Woodstock Council news: more upgrades for Houlton Street, good year for building permits, town square updates

by | Oct 11, 2023

Houlton Street remains target for the revamped designated highway plan

Woodstock Planning and Development Director Andrew Garnett provided council with an update on the ever-changing provincially designated highway program. 

He explained the completion of Houlton Street, from Charlotte to Main, is the next targeted designated highway project. 

Garnett explained the program, renamed the Provincial-Municipal Highway Partnership, underwent several changes over the past few years. 

He said municipalities once had to submit five-year plans, which could be updated annually. He said the province switched to a three-year plan two years ago, making it easier for the province to budget. 

Garnett said the province recently changed the process to a four-year plan. He sought approval from council to make the continuation of the Houlton Street upgrades as part of its application to the province for its designated highway plans for 2025 and 2026. 

He explained the upgrade would include paving, curb and gutter from Charlotte Street to Main Street. He added the work would consist of a new sidewalk along one side of the street, which the town must pay for on its own. 

Garnett said the province would pay $675,000 while the town would be on the hook for $225,000. He said the town would also need to cover an additional $225,000, which is not eligible under the plan. 

Garnett explained that the budgeted costs can soon become outdated, with prices rising quickly. 

Mayor Jones noted that the council could agree to the project but stretch the plan over two years if they believe the town budget can’t handle its share of the costs in a single year. 

A ‘good year’ for building permits

Garnett updated Woodstock building permits at the Sept. 26 council meeting, saying Woodstock enjoyed a “good year’ in building permits, with more than $15.6 million in applications. 

He explained that the permits garnered $76,500 in fees for the town.

Garnett explained that over half the 73 permits requested through the end of September involved property inside Ward 4, Woodstock’s former town boundaries. However, he added, the town approved permits in each of the five wards. 

In addition to the 37 permits in Ward 4, the town received requests for 12 in Ward 1, nine in Ward 5 and six each in Wards 2 and 3.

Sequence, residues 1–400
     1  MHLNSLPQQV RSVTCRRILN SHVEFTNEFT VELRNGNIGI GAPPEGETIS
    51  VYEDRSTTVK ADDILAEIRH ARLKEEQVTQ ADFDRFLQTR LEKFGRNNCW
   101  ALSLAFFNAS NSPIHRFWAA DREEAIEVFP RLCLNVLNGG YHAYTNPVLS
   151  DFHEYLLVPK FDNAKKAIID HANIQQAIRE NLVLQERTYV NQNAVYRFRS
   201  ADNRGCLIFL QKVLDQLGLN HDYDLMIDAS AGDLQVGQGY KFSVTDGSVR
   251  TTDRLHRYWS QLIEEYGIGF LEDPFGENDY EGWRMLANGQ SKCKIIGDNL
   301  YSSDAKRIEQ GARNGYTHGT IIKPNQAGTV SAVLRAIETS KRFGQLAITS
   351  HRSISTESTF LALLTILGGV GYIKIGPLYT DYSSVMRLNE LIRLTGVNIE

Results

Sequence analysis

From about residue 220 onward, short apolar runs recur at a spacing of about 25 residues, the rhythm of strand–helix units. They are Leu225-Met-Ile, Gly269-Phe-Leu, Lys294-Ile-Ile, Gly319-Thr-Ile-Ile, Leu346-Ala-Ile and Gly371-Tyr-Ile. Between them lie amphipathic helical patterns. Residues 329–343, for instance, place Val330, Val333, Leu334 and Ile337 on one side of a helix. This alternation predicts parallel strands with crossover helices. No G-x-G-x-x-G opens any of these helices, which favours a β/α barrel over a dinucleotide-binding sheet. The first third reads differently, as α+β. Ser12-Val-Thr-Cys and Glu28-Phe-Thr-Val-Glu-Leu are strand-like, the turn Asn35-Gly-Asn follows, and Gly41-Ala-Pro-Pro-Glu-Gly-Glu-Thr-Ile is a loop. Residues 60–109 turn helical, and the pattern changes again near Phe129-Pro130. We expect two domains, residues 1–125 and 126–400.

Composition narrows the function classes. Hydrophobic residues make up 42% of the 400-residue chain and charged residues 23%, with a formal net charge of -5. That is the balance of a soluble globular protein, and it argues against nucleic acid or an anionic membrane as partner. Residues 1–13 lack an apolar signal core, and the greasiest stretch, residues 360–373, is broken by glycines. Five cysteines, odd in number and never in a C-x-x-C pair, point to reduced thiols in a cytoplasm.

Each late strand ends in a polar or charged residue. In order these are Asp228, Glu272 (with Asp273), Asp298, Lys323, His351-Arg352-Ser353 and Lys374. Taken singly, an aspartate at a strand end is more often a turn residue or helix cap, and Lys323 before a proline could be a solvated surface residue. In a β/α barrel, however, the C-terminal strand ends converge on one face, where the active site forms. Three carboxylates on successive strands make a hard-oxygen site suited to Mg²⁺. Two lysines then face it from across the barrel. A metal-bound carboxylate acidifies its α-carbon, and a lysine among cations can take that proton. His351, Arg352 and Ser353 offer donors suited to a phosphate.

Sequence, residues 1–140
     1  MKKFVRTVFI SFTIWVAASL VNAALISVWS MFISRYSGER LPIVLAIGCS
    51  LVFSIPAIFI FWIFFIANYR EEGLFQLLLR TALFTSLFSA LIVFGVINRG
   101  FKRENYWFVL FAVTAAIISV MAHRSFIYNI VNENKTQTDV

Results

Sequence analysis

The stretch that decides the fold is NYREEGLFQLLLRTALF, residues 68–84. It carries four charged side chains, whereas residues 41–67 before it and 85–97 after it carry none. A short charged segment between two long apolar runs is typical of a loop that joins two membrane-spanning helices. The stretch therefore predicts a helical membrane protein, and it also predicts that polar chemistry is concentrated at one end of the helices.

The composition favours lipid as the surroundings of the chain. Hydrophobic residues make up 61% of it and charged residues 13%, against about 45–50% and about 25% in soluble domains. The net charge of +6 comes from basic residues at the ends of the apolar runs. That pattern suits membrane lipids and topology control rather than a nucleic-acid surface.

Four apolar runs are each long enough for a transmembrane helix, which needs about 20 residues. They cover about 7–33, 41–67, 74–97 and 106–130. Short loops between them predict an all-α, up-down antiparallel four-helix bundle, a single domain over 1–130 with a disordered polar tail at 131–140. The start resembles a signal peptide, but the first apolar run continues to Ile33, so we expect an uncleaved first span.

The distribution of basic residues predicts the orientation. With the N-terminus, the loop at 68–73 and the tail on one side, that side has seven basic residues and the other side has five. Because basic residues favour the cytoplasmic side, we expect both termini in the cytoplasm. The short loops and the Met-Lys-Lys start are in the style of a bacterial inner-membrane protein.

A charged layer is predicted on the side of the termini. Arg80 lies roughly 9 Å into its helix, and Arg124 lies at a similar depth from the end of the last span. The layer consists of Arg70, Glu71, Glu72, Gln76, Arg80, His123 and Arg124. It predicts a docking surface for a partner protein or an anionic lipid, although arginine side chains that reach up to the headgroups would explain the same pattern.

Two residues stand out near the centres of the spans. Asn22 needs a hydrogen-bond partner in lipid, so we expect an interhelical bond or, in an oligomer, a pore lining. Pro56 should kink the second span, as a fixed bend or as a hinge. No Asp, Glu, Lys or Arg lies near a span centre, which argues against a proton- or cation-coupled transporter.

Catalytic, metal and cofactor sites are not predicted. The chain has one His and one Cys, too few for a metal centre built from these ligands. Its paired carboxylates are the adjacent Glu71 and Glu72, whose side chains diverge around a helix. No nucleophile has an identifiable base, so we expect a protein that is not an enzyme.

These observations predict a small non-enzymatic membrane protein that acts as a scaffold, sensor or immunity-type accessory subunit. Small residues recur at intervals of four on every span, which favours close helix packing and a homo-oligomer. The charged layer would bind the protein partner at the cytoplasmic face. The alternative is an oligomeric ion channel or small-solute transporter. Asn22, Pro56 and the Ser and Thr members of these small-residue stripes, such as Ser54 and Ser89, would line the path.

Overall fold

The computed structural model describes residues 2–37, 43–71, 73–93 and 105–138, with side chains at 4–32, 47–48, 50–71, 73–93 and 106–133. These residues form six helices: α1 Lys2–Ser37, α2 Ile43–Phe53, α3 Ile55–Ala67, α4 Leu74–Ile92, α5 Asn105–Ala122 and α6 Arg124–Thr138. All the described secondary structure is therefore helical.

In a further update at the Oct. 10 council meeting, Garnett explained new applications between the meetings pushed that number to $16.4 million in permit values. 

He said he hoped to see the value of permits hit $20,000 in 2023, but it may fall just short of the goal. 

However, Garnett added, with the requests of two substantial building permits he knows will arrive soon, the annual number will continue to grow through the end of the year. 

“We’ll get close,” he told council. 

Town square upgrade nearing completion

Completion of the long-running enhancement of the Woodstock Town Square is “steadily getting there,” said Garnett. 

During the Sept. 26 meeting, Garnett explained that the tree grates are in place, light poles are erected, and contractors are set to install the pavers. 

Garnett asked council to approve the return of an investment removed from the project as part of the cutbacks instituted to reduce the project’s costs before work began this summer. 

“One of the cutbacks was to hold off on sidewalks,” Garnett said. 

He explained the decision not to replace a short section of sidewalk along Newnham and Slipp Pharmacy on King Street would create accessibility problems for some people. 

The new sidewalk, initially in the project’s scope, needs to be completed with the square upgrade. 

Garnett said replacing the sidewalk would cost an estimated $24,000. 

Mayor Jones explained the sidewalk has “got to be fixed for accessibility, anyway.” 

Garnett said the change will reduce the width of the sidewalk while slightly increasing the width of the streetside parking spot, making it easier for disabled travellers to use. 

Council approved funding for the sidewalk replacement. 

Town sets fall brush pickup schedule

Woodstock’s public works staff will carry out its annual fall brush pickup throughout Ward 4 from Oct. 30 to Nov. 3.

Residents should place downed branches, twigs and bagged leaves to the curb for pick up by 7 a.m. daily.

The following guidelines apply:

— Only compostable paper bags will be accepted.

— Small, tied bundles of brush will be collected.

— Branches should be no longer than 3 feet and material in diameter of 2 feet. 

— Loose leaves will not be collected.

— Leaves and other debris should not be raked into streets.

— For questions or comments, contact the Woodstock Town Office at 506-325-4600 or email townhall@town.woodstock.nb.ca 

For road conditions, click the map

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